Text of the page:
Image: Unsplash

The Birthplace of America

Presented by Virtualtrips, on this patriotic journey, you’ll see Independence Hall where the founding fathers discussed, debated and ultimately signed two important documents: the Declaration of Independence and the United States Constitution. You’ll find out why the U.S. Post Office in this historic district doesn’t fly the American flag. Plus much more. Saturday, Jan. 9, 6 pm. Free. Online.

Want to know what’s ahead in 2021? Here you go

The start of a new year means it’s time to dust off the crystal ball and predict what lies ahead for us all. So here, with some help from the internet and ample adult beverages, are our (somewhat) bold picks for 2021.

Image: Zorik D 

A zombie apocalypse

Several online sites cited this prediction from Nostradamus, who, for a dude who lived in the 1500s, has a pretty good record for getting things right. Let’s hope he missed the mark on this one because we’re pretty sure this is the one that could actually make 2020 look pretty good in comparison.

Most Philly sports will suck

We know this isn’t an especially bold take, but, face it, things are grim around here when it comes to the major sports. The Eagles ended the season a mess, so 2021 already looks bad for them. The Sixers are outgunned in the East, and the Phillies still (still!) need a bullpen. The lone hope – the Flyers. Our gut tells us they might surprise some folks this year.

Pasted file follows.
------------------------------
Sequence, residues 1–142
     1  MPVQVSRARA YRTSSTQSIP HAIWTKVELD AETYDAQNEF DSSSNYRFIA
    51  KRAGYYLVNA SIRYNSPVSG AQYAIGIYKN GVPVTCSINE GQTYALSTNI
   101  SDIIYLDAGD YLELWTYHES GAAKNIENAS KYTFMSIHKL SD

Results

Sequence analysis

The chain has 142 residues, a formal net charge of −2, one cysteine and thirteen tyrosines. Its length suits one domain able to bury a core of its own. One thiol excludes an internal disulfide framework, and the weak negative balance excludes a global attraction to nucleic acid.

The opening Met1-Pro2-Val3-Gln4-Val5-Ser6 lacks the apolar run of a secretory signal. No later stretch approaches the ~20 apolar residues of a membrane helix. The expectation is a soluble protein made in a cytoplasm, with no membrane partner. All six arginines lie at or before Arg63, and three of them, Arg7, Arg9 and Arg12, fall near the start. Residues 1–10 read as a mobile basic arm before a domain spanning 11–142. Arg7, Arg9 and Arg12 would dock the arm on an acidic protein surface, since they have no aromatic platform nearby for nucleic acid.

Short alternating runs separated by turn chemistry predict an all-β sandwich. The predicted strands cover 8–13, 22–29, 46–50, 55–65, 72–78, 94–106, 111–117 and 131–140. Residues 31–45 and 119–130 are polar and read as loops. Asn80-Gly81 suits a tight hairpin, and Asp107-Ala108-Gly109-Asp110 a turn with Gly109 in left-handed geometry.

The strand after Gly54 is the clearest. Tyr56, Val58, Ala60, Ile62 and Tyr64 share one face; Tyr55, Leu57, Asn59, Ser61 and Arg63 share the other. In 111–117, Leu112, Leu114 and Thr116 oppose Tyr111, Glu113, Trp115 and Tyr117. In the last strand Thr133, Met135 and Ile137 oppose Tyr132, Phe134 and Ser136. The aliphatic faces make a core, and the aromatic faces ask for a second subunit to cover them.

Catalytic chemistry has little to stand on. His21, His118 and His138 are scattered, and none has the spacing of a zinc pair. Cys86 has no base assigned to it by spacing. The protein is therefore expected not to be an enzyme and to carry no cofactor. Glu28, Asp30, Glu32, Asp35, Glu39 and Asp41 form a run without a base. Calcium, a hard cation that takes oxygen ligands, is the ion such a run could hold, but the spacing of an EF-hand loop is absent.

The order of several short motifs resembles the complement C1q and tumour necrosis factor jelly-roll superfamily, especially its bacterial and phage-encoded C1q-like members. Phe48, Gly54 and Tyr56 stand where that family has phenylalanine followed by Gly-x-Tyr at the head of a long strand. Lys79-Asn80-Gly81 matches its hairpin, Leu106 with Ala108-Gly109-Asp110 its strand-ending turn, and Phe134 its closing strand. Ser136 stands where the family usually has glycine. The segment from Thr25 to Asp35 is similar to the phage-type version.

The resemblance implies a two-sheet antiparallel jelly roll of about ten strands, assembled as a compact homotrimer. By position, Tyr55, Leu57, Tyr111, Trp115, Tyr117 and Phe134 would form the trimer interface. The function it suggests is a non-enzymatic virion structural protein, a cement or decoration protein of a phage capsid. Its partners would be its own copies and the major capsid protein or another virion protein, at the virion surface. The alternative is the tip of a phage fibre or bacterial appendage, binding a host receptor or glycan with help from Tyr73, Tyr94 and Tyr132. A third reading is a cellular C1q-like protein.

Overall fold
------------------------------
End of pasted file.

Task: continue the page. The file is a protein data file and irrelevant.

Safe-injection sites will be a thing again

Remember the hot debate topic in Philly immediately before everyone got caught up with COVID? Safe-injection sites. Yep, the debate over not only locations, but also their legality was on everyone’s mind. Eventually, the COVID situation will be resolved – and then the debate over these sites will return.

Homicides will go down

Philadelphia experienced almost 500 homicides in 2020. That number has to go down this year, right? Maybe (probably) this is just wishful thinking more than a prediction, but, at some point and by some means – getting criminals off the streets, people just coming to their senses – Philadelphians just have to stop killing each other. We hope, anyway.

What do you think?

Do you have any predictions for the city in 2021? What do you think it will look like next year at this time? We want to share your thoughts with everyone else. Send your 2021 predictions to voices@philadelphiaweekly.com, and we’ll publish some of the better ones in a future edition.